The above described arrangement provides a number of advantages over prior art cylinder repair techniques. The particular thread or groove design allows more than the normal contact area to absorb deformation pressures. The absence of sharp edges in the threads or grooves reduces cracking tendencies of the materials. The tunnels between the housing and the sleeve provides a means for testing the seal elements because the threads or grooves provide no seal effect and any seal effect must be from the seal itself. Additionally, if the seal should leak under pressure, the fluid will weep out harmlessly through the tunnels and then through openings 50.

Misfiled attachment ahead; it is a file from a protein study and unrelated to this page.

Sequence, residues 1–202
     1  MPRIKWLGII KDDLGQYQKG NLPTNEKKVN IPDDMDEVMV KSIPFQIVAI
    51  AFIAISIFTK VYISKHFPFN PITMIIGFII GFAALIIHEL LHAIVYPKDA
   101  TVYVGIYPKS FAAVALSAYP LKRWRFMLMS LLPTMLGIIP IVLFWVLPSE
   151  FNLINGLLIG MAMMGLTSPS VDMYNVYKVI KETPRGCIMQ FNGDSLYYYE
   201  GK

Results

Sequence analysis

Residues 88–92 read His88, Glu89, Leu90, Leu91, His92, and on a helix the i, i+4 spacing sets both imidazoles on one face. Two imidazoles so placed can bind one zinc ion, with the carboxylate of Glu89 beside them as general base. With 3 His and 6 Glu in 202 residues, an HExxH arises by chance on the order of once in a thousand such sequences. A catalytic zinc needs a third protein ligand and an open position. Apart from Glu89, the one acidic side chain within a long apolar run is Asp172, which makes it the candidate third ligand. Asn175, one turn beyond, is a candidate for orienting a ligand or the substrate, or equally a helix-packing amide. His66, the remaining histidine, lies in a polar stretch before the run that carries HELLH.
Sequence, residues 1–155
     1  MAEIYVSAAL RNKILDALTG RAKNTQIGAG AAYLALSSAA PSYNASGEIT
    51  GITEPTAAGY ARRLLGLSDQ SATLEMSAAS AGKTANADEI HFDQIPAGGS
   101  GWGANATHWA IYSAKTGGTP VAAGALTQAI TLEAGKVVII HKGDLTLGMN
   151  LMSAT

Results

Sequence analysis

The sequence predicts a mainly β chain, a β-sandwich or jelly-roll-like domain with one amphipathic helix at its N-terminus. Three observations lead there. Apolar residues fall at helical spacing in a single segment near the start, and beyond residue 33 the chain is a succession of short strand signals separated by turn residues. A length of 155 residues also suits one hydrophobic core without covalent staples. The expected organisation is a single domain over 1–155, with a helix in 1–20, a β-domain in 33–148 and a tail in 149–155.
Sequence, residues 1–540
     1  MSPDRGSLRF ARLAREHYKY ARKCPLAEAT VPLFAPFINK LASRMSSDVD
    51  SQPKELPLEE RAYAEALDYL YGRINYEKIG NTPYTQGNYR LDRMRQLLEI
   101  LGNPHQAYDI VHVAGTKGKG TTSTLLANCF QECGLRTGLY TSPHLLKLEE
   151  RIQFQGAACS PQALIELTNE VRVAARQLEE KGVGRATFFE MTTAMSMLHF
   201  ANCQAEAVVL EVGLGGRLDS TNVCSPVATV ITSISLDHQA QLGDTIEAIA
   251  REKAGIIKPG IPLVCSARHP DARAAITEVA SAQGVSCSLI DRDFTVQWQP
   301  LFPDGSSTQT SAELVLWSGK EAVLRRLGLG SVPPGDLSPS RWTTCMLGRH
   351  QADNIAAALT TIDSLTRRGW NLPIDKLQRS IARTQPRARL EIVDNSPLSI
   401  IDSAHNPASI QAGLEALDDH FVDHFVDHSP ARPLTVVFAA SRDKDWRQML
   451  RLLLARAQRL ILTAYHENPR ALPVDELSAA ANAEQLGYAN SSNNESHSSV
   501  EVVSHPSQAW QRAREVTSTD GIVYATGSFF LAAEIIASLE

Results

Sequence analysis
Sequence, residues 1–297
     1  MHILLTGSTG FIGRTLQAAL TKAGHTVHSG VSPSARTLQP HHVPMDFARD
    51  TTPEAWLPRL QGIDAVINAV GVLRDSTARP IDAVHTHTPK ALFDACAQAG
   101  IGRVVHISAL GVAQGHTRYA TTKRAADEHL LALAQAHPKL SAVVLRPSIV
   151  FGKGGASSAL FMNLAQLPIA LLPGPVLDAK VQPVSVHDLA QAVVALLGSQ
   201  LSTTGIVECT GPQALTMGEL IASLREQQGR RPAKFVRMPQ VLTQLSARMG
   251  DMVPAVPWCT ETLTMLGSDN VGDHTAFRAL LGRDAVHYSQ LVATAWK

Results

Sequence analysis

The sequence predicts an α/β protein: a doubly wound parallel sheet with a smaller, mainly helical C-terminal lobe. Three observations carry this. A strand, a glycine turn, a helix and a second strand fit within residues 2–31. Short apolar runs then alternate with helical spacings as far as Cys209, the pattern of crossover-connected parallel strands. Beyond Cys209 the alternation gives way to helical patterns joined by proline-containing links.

It has been determined that cylinders having the above-described repair technique applied thereto are in many ways superior to the original equipment. For example, the addition of the thin-walled sleeve member increases the structural strength of the cylinder material removed in the reboring operation. Failure of the housing will not produce a catastrophic failure of the hydraulic unit because the repair sleeve will hold the housing together and maintain the hydraulic pressure, the sleeve having axial strength. In fact, it has been found that the cylinder housing can be entirely cut through in the thin intermediate region and the sleeve will hold the housing together and maintain the hydraulic pressure, the sleeve having axial strength. In fact, it has been found that the cylinder housing can be entirely cut through in the thin intermediate region and the sleeve will hold the heavy ends thereof. Furthermore, the repair sleeve has improved properties over the original cylinder housing including improved wear characteristics and corosion resistance and in the event that the repair sleeve itself becomes worn, it is easily removable and replaceable.